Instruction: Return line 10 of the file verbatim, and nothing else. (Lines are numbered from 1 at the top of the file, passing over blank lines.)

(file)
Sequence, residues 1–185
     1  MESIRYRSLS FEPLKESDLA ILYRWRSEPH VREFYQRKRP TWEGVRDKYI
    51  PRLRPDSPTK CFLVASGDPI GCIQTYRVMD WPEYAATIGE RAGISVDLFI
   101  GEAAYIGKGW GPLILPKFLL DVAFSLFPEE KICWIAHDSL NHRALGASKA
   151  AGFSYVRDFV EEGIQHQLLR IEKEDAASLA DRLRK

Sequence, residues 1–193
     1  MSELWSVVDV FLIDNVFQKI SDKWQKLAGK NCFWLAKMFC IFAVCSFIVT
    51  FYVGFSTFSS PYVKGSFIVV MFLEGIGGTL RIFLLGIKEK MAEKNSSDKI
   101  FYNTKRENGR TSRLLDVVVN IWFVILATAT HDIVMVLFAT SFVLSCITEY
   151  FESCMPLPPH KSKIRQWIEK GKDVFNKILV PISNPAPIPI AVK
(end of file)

   151  FESCMPLPPH KSKIRQWIEK GKDVFNKILV PISNPAPIPI AVK